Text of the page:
Bus Tracker program clocks Hyde Park buses

Hyde Parkers can now wait for the bus from the comfort of their homes.

By Christina Schwartz

Hyde Parkers can now wait for the bus from the comfort of their homes. The Chicago Transit Authority (CTA) yesterday expanded its satellite Bus Tracker service to include 18 additional routes, bringing the total routes covered to 32. This number includes four routes that make stops in Hyde Park: the #55 Garfield, #55X Garfield Express, #59 59th/61st Streets, and #63 63rd Street routes.

Bus Tracker makes use of a satellite GPS to locate buses, then calculates traffic flow and other factors to determine the estimated time between stops. Using the feature, CTA riders can view projected arrival times at bus stops from a computer, cell phone, or other wireless device with Internet access. Customers can access the time estimates in both map and list format. The map function shows the bus traveling along the route in real time, while the list format provides estimated arrival times of the next two or three buses.

The online information refreshes each minute, and the site allows users to set up alarm notifications when a bus nears a selected stop.

CTA officials said that the Bus Tracker additions are a part of broader transportation reforms that attempt to accurately predict time intervals between buses and to prevent bus bunching. According to the Chicago Tribune, CTA President Ron Huberman (A.M., M.B.A. ’00)announced the initial expansion of the Bus Tracker system at a March press conference.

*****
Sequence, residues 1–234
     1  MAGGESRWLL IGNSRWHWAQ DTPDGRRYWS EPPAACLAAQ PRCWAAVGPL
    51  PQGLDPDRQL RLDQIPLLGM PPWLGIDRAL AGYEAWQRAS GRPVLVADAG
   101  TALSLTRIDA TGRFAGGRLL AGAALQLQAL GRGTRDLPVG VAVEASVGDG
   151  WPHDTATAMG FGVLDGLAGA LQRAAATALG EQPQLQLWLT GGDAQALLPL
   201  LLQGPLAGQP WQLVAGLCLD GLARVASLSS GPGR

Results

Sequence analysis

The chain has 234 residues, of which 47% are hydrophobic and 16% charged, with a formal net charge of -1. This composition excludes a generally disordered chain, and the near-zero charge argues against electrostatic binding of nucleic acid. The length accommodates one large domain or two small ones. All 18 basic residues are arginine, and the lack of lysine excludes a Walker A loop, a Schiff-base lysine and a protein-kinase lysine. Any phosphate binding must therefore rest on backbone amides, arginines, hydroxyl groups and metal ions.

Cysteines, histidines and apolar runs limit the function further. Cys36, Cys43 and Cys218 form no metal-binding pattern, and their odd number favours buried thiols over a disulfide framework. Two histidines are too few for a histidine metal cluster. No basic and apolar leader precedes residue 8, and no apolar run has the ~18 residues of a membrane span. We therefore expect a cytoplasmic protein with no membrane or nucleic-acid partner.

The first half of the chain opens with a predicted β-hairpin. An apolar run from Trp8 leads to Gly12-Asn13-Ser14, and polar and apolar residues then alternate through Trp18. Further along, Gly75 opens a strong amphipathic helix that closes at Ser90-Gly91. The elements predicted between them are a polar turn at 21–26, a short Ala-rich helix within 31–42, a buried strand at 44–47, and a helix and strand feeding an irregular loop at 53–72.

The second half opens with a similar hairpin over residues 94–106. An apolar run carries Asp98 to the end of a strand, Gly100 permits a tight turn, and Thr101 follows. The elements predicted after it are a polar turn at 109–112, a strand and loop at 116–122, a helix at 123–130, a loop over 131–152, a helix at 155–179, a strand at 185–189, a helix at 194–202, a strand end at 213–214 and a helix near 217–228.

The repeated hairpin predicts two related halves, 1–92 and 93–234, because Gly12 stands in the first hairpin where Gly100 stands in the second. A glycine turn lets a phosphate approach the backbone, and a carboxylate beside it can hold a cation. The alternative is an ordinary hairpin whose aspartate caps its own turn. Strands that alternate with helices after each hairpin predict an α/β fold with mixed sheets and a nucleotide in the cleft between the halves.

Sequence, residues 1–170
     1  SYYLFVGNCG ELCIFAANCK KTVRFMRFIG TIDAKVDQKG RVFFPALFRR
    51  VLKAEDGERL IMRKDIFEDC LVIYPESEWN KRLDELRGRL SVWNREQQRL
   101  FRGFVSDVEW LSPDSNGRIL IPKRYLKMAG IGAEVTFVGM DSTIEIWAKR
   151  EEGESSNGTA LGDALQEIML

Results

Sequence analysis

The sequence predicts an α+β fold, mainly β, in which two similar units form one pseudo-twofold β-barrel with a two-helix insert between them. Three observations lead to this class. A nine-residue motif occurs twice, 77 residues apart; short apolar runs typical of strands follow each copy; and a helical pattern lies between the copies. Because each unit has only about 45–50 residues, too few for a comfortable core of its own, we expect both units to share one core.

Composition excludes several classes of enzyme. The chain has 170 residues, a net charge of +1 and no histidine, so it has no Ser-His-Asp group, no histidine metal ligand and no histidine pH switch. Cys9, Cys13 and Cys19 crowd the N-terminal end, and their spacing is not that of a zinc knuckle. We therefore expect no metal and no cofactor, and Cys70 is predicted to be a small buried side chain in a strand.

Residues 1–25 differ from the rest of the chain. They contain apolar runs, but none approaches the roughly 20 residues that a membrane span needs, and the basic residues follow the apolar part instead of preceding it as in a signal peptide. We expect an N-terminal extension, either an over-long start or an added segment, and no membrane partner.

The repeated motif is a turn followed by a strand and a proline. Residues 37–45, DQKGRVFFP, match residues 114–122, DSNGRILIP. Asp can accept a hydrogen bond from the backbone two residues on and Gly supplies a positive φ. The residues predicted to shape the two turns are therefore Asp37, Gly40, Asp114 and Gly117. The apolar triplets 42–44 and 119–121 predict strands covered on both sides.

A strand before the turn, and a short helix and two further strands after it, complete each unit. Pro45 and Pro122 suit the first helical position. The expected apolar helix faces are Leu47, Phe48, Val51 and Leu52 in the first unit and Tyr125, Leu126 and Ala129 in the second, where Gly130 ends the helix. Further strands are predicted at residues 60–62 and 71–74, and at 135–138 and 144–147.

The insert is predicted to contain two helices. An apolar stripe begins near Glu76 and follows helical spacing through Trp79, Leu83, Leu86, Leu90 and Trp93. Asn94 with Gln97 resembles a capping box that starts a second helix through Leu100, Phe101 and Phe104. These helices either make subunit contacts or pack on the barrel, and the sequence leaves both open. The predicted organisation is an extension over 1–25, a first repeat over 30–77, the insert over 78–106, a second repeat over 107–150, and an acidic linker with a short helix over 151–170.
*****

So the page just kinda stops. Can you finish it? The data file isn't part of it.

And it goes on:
Using Bus Tracker, CTA officials will be able to track and identify problems with bus spacing along routes. Officials will know when to move a bus farther along the route or call an extra bus to accommodate rider capacity, Huberman said at the press conference.

“I’d definitely use [Bus Tracker] to figure out when the #55 is coming. What will really be great, though, is when they expand it to the #6, #171, and #172,” second-year Michael Powell said.

CTA launched the Bus Tracker program in 2006 on a test basis. It also installed a downtown bus shelter equipped with a bus tracker display screen. The CTA has encouraged customers to provide feedback via the system’s website.

A quick scroll through comments posted in response to the effectiveness of the initial route that incorporated the system turned up mixed reviews. In a test conducted by a MAROON reporter, the system lagged, and the map and bus listings did not always update on time. According to the CTA website, Bus Tracker should be accurate within five minutes when a bus is 30 minutes away from a designated stop and accurate within 75 seconds when a bus is fewer than five minutes away.

The CTA plans to add Bus Tracker to all 154 CTA bus routes by spring 2009 and eventually to launch a “next-train” service which will provide train arrival times at all 144 El stations.